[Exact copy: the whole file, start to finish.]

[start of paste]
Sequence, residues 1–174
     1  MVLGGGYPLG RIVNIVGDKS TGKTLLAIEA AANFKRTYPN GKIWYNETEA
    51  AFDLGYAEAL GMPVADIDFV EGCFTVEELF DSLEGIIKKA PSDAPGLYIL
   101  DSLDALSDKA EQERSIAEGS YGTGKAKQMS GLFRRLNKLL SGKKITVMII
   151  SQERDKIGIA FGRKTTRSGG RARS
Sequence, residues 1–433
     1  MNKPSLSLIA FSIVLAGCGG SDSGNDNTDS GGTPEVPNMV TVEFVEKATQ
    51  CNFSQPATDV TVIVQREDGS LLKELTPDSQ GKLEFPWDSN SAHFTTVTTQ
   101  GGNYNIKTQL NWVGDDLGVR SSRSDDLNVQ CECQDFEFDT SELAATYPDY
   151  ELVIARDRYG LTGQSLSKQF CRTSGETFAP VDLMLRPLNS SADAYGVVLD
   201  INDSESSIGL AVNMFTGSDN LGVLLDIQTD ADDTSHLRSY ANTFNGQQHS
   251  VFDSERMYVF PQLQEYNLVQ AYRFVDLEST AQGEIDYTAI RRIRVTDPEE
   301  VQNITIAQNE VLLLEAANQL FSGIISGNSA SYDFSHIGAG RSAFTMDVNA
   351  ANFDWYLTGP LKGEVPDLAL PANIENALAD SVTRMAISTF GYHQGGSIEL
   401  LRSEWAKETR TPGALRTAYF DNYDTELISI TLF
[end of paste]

Sequence, residues 1–174
     1  MVLGGGYPLG RIVNIVGDKS TGKTLLAIEA AANFKRTYPN GKIWYNETEA
    51  AFDLGYAEAL GMPVADIDFV EGCFTVEELF DSLEGIIKKA PSDAPGLYIL
   101  DSLDALSDKA EQERSIAEGS YGTGKAKQMS GLFRRLNKLL SGKKITVMII
   151  SQERDKIGIA FGRKTTRSGG RARS
Sequence, residues 1–433
     1  MNKPSLSLIA FSIVLAGCGG SDSGNDNTDS GGTPEVPNMV TVEFVEKATQ
    51  CNFSQPATDV TVIVQREDGS LLKELTPDSQ GKLEFPWDSN SAHFTTVTTQ
   101  GGNYNIKTQL NWVGDDLGVR SSRSDDLNVQ CECQDFEFDT SELAATYPDY
   151  ELVIARDRYG LTGQSLSKQF CRTSGETFAP VDLMLRPLNS SADAYGVVLD
   201  INDSESSIGL AVNMFTGSDN LGVLLDIQTD ADDTSHLRSY ANTFNGQQHS
   251  VFDSERMYVF PQLQEYNLVQ AYRFVDLEST AQGEIDYTAI RRIRVTDPEE
   301  VQNITIAQNE VLLLEAANQL FSGIISGNSA SYDFSHIGAG RSAFTMDVNA
   351  ANFDWYLTGP LKGEVPDLAL PANIENALAD SVTRMAISTF GYHQGGSIEL
   401  LRSEWAKETR TPGALRTAYF DNYDTELISI TLF